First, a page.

Streets no longer seen as safe for children to play


“We need to look at why we’ve created a society where it’s not seen as safe for children to play in their own streets because of motor vehicles, it’s not seen as safe to ride a bike – normal, enjoyable activity – because of the risk of motor vehicles injuring people, so we need to change that lens and look at the source of road danger rather than say ‘what did the victim do wrong'”

Stop Killing our Children examines how road danger damages us all, whatever our age and however we travel, and questions our collective blindness to both its cause and remedy.The 40-minute, crowdfunded film is narrated by the BBC’s John Simpson and features interviews with Chris Boardman, Dr Rachel Aldred, Dr Ian Walker, George Monbiot and the founders of the Stop de Kindermoord movement amongst others.Please help turn the tide against road danger. Please watch the full-length film below and share

The ethical choice

The ETA was established in 1990 as an ethical provider of green, reliable travel services. 30 years on, we continue to offer cycle insurance, travel insurancebreakdown cover  and home insurance while putting concern for the environment at the heart of all we do.


  1. Tony Williams


    “It’s not seen as safe for children to play in their own streets because of motor vehicles.” Before that there were streets where it wasn’t safe because of horse-drawn vehicles. It probably wasn’t safe to play in some main roads in the 1930s. I remember some short side-streets in Longsight, Manchester in 1958 where children played, because they were dead ends and very little traffic used them, but in my residential street in North London in 1947 my parents preferred us not to play at the front of the house even on the pavement, because of road traffic, and we never played on the road itself. I expect the people who work at ETA feel very sure of their righteousness, but I see unrealistic naivety, also exemplified by the phase “in their own streets”.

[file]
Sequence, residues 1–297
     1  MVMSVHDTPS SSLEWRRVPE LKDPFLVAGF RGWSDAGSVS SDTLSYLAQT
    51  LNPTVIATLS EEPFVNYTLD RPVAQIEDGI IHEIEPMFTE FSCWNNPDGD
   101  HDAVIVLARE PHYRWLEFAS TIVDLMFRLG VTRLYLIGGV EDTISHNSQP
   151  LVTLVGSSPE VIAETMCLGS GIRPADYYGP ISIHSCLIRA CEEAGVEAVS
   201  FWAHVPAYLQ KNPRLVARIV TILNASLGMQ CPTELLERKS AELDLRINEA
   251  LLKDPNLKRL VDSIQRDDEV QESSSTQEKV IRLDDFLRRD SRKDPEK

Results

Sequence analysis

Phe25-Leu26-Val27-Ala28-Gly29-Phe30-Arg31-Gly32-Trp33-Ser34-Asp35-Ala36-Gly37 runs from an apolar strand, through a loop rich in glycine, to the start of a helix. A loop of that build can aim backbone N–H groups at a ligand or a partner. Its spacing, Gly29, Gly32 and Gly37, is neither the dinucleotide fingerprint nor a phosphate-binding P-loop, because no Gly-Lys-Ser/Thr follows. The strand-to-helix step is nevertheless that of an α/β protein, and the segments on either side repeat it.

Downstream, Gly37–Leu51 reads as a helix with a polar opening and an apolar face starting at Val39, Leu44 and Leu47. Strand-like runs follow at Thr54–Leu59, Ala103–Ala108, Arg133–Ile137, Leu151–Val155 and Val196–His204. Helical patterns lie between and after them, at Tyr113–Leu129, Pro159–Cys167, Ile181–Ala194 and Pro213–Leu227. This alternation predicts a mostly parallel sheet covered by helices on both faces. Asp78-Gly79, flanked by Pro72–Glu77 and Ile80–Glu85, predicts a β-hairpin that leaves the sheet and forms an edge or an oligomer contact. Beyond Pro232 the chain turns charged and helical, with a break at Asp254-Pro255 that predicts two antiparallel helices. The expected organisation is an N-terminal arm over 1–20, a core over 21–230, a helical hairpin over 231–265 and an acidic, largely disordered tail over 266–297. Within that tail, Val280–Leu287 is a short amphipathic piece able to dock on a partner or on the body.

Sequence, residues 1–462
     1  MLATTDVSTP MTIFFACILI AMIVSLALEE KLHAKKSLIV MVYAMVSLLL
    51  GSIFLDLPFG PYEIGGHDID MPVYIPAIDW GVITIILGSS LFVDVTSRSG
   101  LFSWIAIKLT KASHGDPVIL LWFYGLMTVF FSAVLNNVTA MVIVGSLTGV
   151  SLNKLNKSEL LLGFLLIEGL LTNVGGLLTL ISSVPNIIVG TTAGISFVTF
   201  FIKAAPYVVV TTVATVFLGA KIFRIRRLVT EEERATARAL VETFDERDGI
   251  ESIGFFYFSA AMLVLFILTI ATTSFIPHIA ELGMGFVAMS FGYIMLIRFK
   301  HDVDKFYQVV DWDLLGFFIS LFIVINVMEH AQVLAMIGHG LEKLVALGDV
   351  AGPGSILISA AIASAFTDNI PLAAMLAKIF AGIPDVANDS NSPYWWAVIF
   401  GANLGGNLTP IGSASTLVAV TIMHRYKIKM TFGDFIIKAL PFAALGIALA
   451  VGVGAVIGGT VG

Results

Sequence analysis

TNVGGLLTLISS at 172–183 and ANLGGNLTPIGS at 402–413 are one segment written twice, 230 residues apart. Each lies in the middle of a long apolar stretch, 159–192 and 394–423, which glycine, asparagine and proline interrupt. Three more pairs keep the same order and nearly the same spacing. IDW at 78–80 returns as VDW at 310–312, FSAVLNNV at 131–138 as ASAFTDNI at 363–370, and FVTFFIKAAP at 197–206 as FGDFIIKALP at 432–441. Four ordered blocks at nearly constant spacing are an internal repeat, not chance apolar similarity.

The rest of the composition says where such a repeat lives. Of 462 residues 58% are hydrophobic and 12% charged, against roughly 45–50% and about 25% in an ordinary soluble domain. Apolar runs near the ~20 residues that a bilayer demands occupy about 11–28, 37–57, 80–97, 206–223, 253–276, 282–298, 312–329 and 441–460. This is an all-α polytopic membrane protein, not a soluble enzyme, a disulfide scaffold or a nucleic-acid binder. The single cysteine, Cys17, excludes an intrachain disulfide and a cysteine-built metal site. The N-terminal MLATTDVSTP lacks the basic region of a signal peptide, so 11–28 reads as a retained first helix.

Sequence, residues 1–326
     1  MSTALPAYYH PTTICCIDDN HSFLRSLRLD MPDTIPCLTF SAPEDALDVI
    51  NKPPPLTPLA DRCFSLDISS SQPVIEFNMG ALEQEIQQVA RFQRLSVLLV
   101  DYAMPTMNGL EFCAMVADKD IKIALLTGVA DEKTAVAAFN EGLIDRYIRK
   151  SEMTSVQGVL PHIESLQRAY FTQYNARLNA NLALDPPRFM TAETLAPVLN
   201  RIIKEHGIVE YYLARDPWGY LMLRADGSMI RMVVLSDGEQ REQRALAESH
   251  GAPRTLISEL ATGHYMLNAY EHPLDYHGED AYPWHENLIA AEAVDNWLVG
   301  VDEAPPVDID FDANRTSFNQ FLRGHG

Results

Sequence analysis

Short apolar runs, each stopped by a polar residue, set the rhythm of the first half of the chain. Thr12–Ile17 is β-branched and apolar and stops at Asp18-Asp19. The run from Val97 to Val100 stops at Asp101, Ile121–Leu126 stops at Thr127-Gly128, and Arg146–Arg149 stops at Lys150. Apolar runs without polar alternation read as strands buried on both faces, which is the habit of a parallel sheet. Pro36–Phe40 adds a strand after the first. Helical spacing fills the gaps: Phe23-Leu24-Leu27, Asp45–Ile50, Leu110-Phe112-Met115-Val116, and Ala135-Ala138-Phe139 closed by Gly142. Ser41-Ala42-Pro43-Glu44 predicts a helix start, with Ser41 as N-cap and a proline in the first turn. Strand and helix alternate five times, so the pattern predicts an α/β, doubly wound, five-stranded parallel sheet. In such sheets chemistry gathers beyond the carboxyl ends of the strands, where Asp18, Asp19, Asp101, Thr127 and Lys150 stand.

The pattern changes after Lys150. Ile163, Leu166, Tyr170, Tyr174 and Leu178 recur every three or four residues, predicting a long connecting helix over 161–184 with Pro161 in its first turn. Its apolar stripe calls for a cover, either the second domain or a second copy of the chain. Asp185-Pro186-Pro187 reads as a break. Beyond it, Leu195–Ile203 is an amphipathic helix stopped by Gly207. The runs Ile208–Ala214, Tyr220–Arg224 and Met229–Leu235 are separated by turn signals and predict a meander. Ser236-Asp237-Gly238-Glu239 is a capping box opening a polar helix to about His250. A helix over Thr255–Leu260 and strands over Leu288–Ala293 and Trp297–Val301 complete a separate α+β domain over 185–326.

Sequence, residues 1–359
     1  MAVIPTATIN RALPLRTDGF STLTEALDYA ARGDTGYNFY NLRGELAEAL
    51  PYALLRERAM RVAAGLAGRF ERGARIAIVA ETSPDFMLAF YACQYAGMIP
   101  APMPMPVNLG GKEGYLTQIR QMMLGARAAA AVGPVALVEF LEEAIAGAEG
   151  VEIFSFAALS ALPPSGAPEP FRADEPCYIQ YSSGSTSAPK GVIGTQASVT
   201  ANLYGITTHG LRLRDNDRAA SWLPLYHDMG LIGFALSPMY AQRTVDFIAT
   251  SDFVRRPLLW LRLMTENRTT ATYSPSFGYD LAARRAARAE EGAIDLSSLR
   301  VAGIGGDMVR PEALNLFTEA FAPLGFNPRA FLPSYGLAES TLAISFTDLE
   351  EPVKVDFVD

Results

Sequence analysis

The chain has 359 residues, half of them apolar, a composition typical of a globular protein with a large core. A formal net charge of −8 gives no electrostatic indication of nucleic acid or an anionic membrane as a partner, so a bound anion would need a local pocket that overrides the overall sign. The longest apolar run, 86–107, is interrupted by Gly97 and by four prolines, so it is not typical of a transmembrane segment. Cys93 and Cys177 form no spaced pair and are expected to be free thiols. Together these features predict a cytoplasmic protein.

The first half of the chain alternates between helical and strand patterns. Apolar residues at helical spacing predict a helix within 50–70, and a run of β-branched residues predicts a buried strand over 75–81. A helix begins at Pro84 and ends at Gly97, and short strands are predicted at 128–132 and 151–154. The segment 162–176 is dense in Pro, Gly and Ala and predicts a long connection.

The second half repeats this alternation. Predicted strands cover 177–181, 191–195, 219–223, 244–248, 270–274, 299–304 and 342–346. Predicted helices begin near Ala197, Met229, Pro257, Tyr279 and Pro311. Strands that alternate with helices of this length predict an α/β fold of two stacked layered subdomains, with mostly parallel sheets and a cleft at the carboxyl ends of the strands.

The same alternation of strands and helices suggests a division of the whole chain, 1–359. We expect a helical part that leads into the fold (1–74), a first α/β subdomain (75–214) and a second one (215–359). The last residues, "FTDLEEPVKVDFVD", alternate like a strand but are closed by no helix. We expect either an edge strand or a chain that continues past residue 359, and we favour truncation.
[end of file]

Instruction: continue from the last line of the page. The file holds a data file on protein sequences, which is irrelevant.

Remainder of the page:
2. edmund white


    Well Tony Williams, I was born in 1941 in Southampton, not unlike Manchester in many ways. In the late 49s and then the 50s our side road & streets were safe for us to play in, what motor vehicles there were, were not driven at speed & were mainly people that lived there, plus milk,bread, coal deliverys and the odd steam roller when the rods were done. Nobody is talking about playing on the main roads. As for the 30s, well I think most kids I knew were smart & quick enough to avoid the odd horse & cart Not that I doubt what you say , you did live there,but in london in programs set in that time on Tv you see lots of kids playing in the streets. Seems to me what ETA are saying is the volume is much higher & it’s the way they are driven, Our towns & citys belong to the people, not cars & trucks they have a right to be safe

Add your comment

Your email address will not be published. Your name and email are required.